Pastry dough for a two-crust pie (see the bonus recipe below if you would like to make your own)
1 1/2 to 2 cups sugar
1/3 cup all-purpose flour
4 cups rhubarb, cut into small pieces 1 1 1/2 tablespoons butter
Preheat oven to 425 degrees.
Mix the rhubarb and sugar. (If rhubarb is harvested earlier in the spring, you can use less sugar.)
Add the flour and mix lightly through the filling mixture.
Line the pie pan with the bottom layer of pastry.
Add the pie filling.
Dot the top of the filling with pieces of butter.
Cover the pie with the top layer of pastry that has slits cut in it.
Sprinkle the top crust lightly with sugar.
Bake 40-50 minutes until the crust is nicely browned and juice begins to bubble through the slits. (Note: If the edges of the pie crust are getting too brown, cover them with strips of aluminum foil or use a pie crust shield.)
Serve slightly warm. Can be covered and kept in the refrigerator for 4-5 days.
Download a print-friendly Rhubarb Pie recipe:
Pie Crust Recipe
Ingredients for 8-inch pie
1 1/2 cups sifted all-purpose flour
3/4 teaspoon salt
1/2 cup lard (or 1/2 cup plus 2 tablespoons hydrogenated shortening such as Crisco)
3 tablespoons cold water (Tip: Add ice cubes to the water to keep it very cold.)
Ingredients for 9-inch pie
2 cups sifted all-purpose flour
1 teaspoon salt
2/3 cup lard (or 2/3 cup plus 2 tablespoons hydrogenated shortening such as Crisco)
1/4 cup cold water (Tip: Add ice cubes to the water to keep it very cold.)
Measure sifted flour into a bowl and mix salt through it.
With a pastry blender or fork, cut in the shortening until shortening particles are the size of giant peas.
Sprinkle the mixture with water, a tablespoon at a time, mixing lightly with a fork until all the flour is moistened.
Gather dough together with fingers so it cleans the sides of the bowl.
Press firmly into a ball.
Divide the dough roughly in half. (You can also keep the dough wrapped in waxed paper or plastic wrap in the refrigerator until ready to use.)
Round up each piece.
Roll out the larger piece on a floured surface with a floured rolling pin. Aim for a thickness of 1/8 to 1/4 inch and about 1 inch larger than the perimeter of the inverted pie pan to allow for the pie pan depth.
Fold the dough in half and carefully transfer it to the pie pan. Unfold and ease the dough loosely into the pie pan, being careful not to stretch the dough.
Roll out the smaller piece of dough to the same thickness and to the size a little larger than the diameter of the (noninverted) pie pan.
If needed, cut slits or other shapes from the top pie crust to allow steam to escape during baking.
After placing the pie filling into the dough-lined pie pan, fold the top crust in half and transfer it carefully to fit over the filling.
Trim off overhanging edges of the dough with a knife or scissors.
Crimp the edges of the crust together with a fork or other decorative edging. (Check out some cool decorative pie crust edge options from Craftsy: “12 Easy Ways to Make Instagram-Worthy Pie Crust Edges.”)
Download a print-friendly Pie Crust recipe:
My Grandpa Stewart had a major sweet tooth, so of course he loved to add jams, jellies, and preserves to his toast or English muffins. He often reached for the jar of Candy Jam made by my grandma. This rhubarb-flavored jam has a “surprise” ingredient – pieces of orange candy slices. You know, those orange-flavored jelly candies coated in sugar and shaped like small orange slices?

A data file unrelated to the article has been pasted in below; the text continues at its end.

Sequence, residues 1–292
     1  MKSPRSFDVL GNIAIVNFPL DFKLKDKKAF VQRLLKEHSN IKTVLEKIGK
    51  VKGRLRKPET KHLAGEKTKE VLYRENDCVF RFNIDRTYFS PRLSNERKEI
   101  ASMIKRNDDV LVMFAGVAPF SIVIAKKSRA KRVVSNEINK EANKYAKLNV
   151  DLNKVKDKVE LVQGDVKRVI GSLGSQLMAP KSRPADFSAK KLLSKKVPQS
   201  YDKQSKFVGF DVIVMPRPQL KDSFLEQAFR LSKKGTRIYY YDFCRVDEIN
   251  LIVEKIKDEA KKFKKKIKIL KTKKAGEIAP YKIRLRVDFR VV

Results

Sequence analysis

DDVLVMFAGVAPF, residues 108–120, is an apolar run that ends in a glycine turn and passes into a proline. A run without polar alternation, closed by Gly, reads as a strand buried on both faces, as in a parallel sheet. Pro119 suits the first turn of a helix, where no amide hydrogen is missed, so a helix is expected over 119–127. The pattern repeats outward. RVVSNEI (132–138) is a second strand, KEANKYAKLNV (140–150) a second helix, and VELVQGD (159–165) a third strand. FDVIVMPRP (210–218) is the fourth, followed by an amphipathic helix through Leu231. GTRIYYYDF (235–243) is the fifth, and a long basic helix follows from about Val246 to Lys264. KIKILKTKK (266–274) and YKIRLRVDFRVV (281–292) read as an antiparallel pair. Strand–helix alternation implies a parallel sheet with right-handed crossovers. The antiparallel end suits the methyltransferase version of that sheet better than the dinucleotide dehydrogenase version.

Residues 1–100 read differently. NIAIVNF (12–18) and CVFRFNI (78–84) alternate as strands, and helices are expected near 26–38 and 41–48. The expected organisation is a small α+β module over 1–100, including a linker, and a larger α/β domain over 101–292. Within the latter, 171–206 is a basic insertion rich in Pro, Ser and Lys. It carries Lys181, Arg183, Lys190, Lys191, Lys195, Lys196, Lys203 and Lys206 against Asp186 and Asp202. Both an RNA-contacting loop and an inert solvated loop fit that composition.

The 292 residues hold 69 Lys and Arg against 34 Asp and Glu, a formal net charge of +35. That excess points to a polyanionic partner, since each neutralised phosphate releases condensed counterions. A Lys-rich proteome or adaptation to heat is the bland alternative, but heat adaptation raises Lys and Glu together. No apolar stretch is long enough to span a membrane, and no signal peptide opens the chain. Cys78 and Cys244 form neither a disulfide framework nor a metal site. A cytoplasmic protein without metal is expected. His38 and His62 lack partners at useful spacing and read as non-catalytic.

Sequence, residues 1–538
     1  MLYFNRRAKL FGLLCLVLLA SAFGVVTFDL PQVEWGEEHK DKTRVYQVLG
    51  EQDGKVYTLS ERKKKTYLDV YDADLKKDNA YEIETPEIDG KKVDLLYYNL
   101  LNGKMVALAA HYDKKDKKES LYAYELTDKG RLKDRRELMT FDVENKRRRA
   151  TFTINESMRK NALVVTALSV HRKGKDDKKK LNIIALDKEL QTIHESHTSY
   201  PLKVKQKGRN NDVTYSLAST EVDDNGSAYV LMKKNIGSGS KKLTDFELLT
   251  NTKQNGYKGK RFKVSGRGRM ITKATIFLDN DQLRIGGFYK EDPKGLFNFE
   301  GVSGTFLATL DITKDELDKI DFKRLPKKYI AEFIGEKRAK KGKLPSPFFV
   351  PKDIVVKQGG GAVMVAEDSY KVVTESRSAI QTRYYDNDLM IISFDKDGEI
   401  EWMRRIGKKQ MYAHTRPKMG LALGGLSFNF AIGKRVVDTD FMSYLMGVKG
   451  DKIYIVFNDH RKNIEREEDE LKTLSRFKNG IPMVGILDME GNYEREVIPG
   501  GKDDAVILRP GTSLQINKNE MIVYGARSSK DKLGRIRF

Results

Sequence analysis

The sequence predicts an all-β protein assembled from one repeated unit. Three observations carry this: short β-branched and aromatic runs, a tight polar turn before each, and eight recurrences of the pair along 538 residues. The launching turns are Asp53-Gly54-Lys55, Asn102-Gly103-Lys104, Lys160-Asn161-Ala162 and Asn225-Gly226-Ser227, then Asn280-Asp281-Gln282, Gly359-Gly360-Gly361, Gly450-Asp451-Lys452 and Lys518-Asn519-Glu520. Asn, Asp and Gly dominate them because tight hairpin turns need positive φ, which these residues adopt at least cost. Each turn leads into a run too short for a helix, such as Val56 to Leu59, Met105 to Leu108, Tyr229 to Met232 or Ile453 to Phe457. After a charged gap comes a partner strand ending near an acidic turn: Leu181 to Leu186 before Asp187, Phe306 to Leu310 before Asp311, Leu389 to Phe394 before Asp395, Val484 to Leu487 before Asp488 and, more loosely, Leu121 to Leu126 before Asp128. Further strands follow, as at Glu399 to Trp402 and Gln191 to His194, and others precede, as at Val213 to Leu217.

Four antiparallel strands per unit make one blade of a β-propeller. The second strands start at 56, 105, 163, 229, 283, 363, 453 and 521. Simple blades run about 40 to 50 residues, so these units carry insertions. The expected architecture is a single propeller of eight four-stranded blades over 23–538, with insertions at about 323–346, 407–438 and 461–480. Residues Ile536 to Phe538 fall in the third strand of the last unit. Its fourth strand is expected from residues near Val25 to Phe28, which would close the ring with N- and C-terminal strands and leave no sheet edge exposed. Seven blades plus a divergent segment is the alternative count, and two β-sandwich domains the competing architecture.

Although I’m not a jam and jelly fan, Mom and my brother Doug have carried on the jam-loving tradition from Grandpa. After Doug got married, the jam-making “apron” was passed on to my sister-in-law Julie, who now makes Candy Jam so my brother can still enjoy this special treat at breakfast.
Candy Jam Recipe
Makes 8 pint jars
7 cups rhubarb, cut into small pieces
4 cups sugar
16-ounce package of orange candy slices, cut into small pieces (Cutting tip: Dip kitchen shears into a cup of hot water before cutting each candy slice to minimize the candy pieces sticking to the shears.)
Stir together the rhubarb and sugar and let it sit for 2 hours.
Heat the mixture in a saucepan for 10 minutes over medium heat until the sugar melts and the mixture starts to boil.
Add orange candy pieces.
Continue to boil the mixture for 15 minutes until it starts to thicken.
Pour jam into hot jars. Wipe off any spilled jam on the jars and seal the jars with lids and rings. (You can heat the jars in hot water or the oven.)
Listen for the jar lids to make a popping sound to indicate the jars are sealed properly.
Download a print-friendly Candy Jam recipe:
While growing up, Mom remembers Grandma making this sauce from fresh or frozen rhubarb. The family would eat it at any meal, and it was an easy way to add a sweet touch to their menus. Nowadays, I like to drizzle this sauce over a dish of vanilla ice cream for a touch of sweet and tart. It would also be tasty on pancakes or waffles.
Rhubarb Sauce Recipe
Makes 2 cups
2 cups rhubarb, cut into small pieces
3/4 cup sugar
3/4 cup water
Mix the ingredients in a saucepan.
Cook on medium heat, stirring occasionally, and bring to a boil for 1 minute to ensure the sugar is dissolved.
Lower the heat to a simmer and cook until the desired consistency – approximately 5-10 minutes.
Serve the sauce warm or cold.
Store the sauce in the refrigerator.
Download a print-friendly Rhubarb Sauce recipe:
What family-favorite recipes do you have and what memories or stories are attached to them? Or does anyone have another rhubarb recipe to share? Let me know below in the comments.